Point of Contact
Kathy Knoop
Principal Environmental Scientist
The Salt River Project
Phone: (602) 236-5653
kathy.knoop@srpnet.com
https://www.srpnet.com/default.aspx

Workplace Electric Vehicle Supply Equipment (EVSE) Rebate - Salt River Project (SRP)

SRP offers a rebate to business customers who purchase and install Level 2 EVSE for use by their employees. The rebate is $500 per Level 2 EVSE charging port installed, limited to 12 per business. Rebates are available on a first-come, first-served basis. For more information, including eligibility requirements and how to receive the rebate, see the SRP Rebates website.

Plug-In Electric Vehicle (PEV) Charging Rate Incentive - Tucson Electric Power (TEP)

TEP offers a discounted residential service time-of-use (TOU) rate during off-peak periods to customers who own and operate a PEV. The discount is a 5% reduction to applicable charges during the off-peak period. Eligible customers must provide documentation for a highway-approved PEV and submit a copy of the PEV's registration annually. For more information, including the application, see the TEP TOU website.

Laws and Regulations

Regional Electric Vehicle (REV) West Plan

Arizona joined Colorado, Idaho, Montana, Nevada, New Mexico, Utah, and Wyoming (Signatory States) in signing the REV West memorandum of understanding (MOU) to create an Intermountain West Electric Vehicle (EV) Corridor that will make it possible to seamlessly drive an EV across the Signatory States' major transportation corridors. Signatory States are committed to:

  • Create best practices and procedures that will enhance EV adoption by: promoting EV consumer acceptance and awareness by addressing range anxiety, coordinating on EV charging station locations, and leveraging economies of scale;
  • Create minimum standards for EV charging stations, including standards for administration, interoperability, operations, and management;
  • Identify and develop opportunities to incorporate EV charging stations into planning and development processes such as building codes, metering policies, and renewable energy generation projects;
  • Encourage EV manufacturers to stock and market a wide variety of EVs within the Signatory States; and
  • Identify, respond to, and collaborate on funding opportunities to support the development of the Plan.
The Signatory States have formed a Coordination Group composed of senior leadership from each state which will meet on a quarterly basis and report on the above actions.

Alternative Fuel Vehicle (AFV) Special License Plate

A registered AFV must display an AFV license plate. State or agency directors who conduct activities of a confidential nature and use AFVs are exempt from the requirement to display an AFV special license plate. The Arizona Department of Transportation has the authority to issue regular plates to AFVs used by law enforcement agencies and the federal government. Recognized alternative fuels include propane, natural gas, electricity, hydrogen, and a blend of hydrogen with propane or natural gas. (Reference Arizona Revised Statutes 28-2416 and 28-2511)

Autonomous Vehicle (AV) Council

The governor established the Institute of Automated Mobility (IAM) to bring together public and private partners to advance AV technology. The IAM provides facilities to test AV technology and develop safety and security policies and guidelines. The IAM will research and develop consistent AV guidelines , as well as recommend infrastructure requirements. State agencies will coordinate with IAM to develop a report of public policy recommendations to update and modernize Arizona laws for connected and AV technologies. (Reference Executive Order 2018-09, 2018)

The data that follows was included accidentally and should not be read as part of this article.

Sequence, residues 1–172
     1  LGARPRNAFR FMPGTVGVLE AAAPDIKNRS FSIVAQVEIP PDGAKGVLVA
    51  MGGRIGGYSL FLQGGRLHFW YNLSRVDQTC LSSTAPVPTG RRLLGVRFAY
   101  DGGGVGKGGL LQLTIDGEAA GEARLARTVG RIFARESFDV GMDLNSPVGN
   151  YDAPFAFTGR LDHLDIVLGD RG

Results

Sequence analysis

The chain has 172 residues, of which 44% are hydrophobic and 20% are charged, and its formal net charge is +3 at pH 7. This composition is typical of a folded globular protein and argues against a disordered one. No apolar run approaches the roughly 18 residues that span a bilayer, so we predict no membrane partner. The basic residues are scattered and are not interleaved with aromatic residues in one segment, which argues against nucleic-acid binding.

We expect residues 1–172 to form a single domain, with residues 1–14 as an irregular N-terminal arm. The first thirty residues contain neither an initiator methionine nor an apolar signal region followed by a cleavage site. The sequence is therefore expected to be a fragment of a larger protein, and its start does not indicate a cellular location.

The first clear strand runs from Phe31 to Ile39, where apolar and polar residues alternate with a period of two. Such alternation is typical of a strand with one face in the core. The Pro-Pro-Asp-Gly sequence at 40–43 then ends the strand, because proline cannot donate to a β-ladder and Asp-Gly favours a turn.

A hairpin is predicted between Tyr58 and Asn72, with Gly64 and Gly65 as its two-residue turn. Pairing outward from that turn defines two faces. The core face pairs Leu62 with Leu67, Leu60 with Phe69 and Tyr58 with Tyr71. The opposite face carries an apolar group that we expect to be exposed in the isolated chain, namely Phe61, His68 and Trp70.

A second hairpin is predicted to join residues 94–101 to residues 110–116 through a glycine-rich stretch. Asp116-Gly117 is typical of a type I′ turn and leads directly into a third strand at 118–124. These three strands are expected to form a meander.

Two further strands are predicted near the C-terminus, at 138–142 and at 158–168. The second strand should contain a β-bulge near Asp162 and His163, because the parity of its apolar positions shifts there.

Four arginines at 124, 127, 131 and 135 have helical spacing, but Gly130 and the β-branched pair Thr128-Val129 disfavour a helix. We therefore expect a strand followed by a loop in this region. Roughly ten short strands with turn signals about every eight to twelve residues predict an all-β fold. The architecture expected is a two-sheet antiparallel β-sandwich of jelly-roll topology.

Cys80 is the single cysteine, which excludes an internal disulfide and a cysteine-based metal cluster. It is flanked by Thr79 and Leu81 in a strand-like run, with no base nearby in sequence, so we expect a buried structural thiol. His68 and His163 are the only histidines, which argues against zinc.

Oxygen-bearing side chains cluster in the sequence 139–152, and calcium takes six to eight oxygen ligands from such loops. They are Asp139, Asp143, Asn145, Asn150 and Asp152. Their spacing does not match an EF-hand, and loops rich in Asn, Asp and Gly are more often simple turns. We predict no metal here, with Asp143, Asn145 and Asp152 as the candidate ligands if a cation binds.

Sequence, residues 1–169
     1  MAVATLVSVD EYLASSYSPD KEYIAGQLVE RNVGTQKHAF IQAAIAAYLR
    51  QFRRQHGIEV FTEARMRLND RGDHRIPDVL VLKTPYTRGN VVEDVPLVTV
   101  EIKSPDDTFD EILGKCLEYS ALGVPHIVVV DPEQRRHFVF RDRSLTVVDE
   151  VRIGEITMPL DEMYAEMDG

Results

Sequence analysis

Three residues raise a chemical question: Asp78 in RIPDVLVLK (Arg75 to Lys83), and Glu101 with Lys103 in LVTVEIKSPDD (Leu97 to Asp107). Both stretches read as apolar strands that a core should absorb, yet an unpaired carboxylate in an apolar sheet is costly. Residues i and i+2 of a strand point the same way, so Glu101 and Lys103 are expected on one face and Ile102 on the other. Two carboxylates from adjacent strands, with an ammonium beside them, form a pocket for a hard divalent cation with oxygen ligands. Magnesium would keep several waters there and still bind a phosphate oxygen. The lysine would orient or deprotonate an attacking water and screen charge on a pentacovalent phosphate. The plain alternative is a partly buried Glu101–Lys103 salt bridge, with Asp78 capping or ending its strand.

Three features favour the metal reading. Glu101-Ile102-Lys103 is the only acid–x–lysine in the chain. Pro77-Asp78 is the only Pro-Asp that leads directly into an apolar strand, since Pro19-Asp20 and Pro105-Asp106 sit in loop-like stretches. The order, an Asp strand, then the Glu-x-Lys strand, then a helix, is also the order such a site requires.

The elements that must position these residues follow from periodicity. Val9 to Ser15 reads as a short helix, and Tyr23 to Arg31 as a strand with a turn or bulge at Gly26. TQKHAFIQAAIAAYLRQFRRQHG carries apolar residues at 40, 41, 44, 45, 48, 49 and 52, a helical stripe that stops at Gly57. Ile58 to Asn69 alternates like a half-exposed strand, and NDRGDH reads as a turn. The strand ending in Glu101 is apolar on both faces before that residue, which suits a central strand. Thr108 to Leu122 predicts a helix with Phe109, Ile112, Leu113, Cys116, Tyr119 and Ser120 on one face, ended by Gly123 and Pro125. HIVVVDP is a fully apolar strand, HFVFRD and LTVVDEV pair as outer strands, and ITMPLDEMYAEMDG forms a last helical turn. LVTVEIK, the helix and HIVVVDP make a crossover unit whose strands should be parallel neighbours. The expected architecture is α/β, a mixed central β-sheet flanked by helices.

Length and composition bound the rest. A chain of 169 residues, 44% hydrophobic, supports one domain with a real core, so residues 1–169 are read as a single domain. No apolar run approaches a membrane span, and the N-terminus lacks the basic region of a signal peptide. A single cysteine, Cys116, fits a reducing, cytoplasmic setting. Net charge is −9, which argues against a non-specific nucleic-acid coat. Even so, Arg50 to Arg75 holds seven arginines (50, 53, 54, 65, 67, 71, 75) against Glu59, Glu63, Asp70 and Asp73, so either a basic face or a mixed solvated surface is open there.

Autonomous Vehicle (AV) Safe Testing Regulations

Arizona state agencies must support the testing and operation of AVs on public roads. Testing and operation of AVs must follow all applicable federal and state traffic and motor vehicle safety, insurance, accident reporting, titling, and registration laws and regulations. The Arizona Department of Transportation (ADOT) may implement additional rules necessary to support AVs. Arizona formed the Self-Driving Vehicle Oversight Committee to advise ADOT and facilitate the advancement of AV technology.

Permission to test or operate AVs on public roads will be suspended or revoked if any applicable laws and regulations are violated. To test or operate AVs without a person present in the vehicle, an applicant must submit a written statement to ADOT stating that the vehicle meets all applicable requirements. If the vehicle's automated driving system fails, the vehicle must be brought to a complete stop or safe state. The Arizona Department of Public Safety and law enforcement agencies will develop protocols on how first responders should interact with a fully autonomous vehicle in emergency and traffic enforcement situations.

(Reference Executive Order 2018-04, 2018, and Executive Order 2015-09, 2015)

Electric Vehicle (EV) Parking Space Regulation

An individual is not allowed to stop, stand, or park a motor vehicle within any parking space specifically designated for parking and charging EVs unless the motor vehicle is an EV and has been issued an alternative fuel vehicle special plate or sticker. A person who is found responsible for a violation may be subject to a civil penalty of at least $350. (Reference Arizona Revised Statutes 28-876)

Biofuels Definitions and Specifications